Wayne County will ask for 3 cents, not 5
By Matthew Whittle
Published in News on June 12, 2007 1:46 PM
Wayne County's property tax rate might not be going up by five cents after all.
On Monday, after listening to the comments and suggestions of the county commissioners during the last few weeks, Wayne County Manager Lee Smith released a series of 2007-08 budget amendments that would reduce the tax increase from five cents to 2.9 cents.
Currently, the county's tax rate is 73.5 cents per $100 value. If the revised version of the budget is adopted, the rate would increase to 76.4 cents.
To reach that point, Smith had to adjust several areas of the budget.
Under his new proposal, the county's economic development reserve fund, which was scheduled to increase to about $1 million in preparation for future projects, would remain at its 2006-07 level, saving about $250,000.
Smith said that the lower amount would be enough to cover the county's planned expenses for the upcoming year. It does not affect the Wayne County Development Alliance. The reserve fund is used for such projects as the construction of shell buildings.
Smith also found another $850,000 in the budget by deferring repairs to one of Wayne Community College's two damaged roofs for a year.
He explained that after talking with college officials, they decided to tackle the most seriously damaged roof first.
The other budget reductions came from a decision to delay the county Health Department's $175,000 scanning project -- digitizing paper records -- until a future fiscal year, cutting $15,000 from the county manager's budget for professional services, fixing a $10,000 clerical error and reducing the Wayne County Historical Society's funding from $15,000 back to its 2006-07 level of $12,000.
The latter change, Smith explained, should not affect the society's operating expenses. The additional money was scheduled to go for a memorial garden at the Wayne County Museum, which he is hoping the organization will be able to fund with either grants or private money.
Smith did add, however, two small expenses -- about $1,200 in salary for the county Soil and Water director as a result of a late reclassification and about $15,000 to help continue to fund the insurance of Wayne County Public Library employees.
Those changes resulted in more than $1.2 million in savings.
"I talked to all of the commissioners individually and it was their general feeling they'd like to have a reduction in the rate, so I looked through the budget to find what was the most reasonable and what would have the least impact," Smith said. "Whenever you begin to cut, you begin to accept some risks -- like with Wayne Community College, because that roof is leaking. You just hope it doesn't get worse."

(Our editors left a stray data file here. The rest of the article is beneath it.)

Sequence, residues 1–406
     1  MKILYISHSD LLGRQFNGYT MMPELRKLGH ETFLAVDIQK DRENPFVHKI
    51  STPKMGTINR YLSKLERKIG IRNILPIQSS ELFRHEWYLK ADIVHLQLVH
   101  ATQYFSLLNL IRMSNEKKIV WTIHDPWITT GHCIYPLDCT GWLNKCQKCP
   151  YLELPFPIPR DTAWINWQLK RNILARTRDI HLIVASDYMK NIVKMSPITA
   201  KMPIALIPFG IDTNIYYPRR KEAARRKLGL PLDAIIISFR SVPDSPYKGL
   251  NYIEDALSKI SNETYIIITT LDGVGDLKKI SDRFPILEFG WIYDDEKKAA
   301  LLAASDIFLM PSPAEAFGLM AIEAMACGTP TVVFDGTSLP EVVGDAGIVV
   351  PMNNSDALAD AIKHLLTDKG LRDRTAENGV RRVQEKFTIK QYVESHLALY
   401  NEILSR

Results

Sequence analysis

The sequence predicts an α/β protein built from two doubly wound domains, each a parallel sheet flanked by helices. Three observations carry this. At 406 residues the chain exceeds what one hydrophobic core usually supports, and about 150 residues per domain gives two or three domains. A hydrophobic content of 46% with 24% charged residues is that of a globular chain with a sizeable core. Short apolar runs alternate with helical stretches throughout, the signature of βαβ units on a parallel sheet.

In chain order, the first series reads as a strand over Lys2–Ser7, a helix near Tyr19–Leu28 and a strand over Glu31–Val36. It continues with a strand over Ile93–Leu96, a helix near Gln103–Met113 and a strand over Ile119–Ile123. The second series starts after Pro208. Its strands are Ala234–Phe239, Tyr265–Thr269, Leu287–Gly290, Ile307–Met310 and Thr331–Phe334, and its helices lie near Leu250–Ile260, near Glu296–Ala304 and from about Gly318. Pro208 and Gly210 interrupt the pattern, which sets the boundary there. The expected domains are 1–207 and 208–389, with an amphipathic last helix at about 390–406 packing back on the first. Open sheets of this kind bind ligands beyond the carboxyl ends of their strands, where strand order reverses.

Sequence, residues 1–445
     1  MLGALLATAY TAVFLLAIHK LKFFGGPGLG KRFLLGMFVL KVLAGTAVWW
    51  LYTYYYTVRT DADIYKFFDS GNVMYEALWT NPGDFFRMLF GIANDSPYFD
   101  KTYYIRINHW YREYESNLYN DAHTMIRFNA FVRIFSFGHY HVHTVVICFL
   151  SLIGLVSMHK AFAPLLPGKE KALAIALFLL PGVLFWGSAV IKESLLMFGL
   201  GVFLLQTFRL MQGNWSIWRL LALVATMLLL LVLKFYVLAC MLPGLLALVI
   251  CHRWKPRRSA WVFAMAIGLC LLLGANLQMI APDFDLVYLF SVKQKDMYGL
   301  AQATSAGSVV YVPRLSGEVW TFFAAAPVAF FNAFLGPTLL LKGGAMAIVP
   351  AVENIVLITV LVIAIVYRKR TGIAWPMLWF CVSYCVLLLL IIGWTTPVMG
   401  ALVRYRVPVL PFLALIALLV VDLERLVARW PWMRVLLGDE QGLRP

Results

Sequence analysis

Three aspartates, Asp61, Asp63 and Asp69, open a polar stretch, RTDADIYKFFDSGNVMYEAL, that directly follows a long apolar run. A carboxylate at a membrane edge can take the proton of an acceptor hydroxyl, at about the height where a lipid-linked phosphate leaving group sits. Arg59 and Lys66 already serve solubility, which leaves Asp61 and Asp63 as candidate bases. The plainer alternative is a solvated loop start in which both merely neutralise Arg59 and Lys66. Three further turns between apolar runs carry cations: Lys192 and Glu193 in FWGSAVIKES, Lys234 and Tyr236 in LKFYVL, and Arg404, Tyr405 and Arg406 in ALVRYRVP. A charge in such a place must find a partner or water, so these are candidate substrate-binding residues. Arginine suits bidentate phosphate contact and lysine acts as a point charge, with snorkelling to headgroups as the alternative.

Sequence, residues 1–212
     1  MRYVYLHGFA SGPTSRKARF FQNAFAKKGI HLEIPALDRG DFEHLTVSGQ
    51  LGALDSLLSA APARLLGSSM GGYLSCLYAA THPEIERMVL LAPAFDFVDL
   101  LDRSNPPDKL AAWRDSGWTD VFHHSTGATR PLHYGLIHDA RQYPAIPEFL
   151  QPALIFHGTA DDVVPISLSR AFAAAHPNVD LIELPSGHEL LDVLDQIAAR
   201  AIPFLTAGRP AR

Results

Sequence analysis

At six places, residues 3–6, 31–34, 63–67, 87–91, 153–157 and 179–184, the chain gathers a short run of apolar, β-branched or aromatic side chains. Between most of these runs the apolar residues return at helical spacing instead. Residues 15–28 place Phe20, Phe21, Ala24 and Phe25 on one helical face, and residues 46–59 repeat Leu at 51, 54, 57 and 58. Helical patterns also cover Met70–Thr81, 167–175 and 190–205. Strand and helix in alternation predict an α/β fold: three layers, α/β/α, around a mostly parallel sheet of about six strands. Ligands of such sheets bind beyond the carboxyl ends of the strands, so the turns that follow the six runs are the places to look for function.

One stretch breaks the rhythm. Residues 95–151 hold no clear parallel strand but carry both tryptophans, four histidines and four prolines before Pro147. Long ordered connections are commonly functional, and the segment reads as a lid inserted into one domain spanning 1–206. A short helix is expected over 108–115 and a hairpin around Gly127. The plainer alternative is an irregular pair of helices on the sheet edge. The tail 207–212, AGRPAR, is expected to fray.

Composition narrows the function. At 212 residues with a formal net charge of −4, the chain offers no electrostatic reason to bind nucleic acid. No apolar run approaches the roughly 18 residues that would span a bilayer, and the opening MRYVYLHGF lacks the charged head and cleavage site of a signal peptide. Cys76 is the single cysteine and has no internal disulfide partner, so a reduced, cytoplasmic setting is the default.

He added, though, that it would have been hard to go much deeper.
The remaining 2.9 cent tax increase, plus the county's original $890,000 cut in operating expenses, he explained, will pay for the $725,000 increase for Wayne County Public Schools, the $1.7 million Medicaid jump and other slight bumps for mandated social services programs.
Overall, the county's operating budget is approximately $107.6 million dollars.
"It's not where we want to be," Smith said. "It's not very comfortable offering up a tax increase, but literally, if I was asked to go any deeper, I'd be looking at which county services to cut."
And that's something, Commissioner Atlas Price said he doesn't want to see happen.
"Certainly I'm glad to see (the tax increase) go down some. There are a lot of people in Wayne County who simply cannot afford a tax increase right now," he said. "But I think we're at a point about as far down as we can go without cutting services and we can't afford to do that right now."
The real help, Price continued, will be if the state General Assembly can come through with some sort of Medicaid relief and a local option sales tax. County officials, however, have been skeptical about the prospects of both proposals.
And so, Commissioner Efton Sager continued, with about three weeks left before the county is required to have its budget in place, discussions are likely to continue.
"A lot of efforts have been made to cut it down and I appreciate the cuts that have been made," he said. "But I think we can look at some others. We're not through yet. Nobody wants to raise taxes."
A public hearing on the budget will be held at 9:15 a.m., Tuesday, June 19. Copies of the budget are available at the county's public libraries and online at www.waynegov.com. Comments also can be made online.
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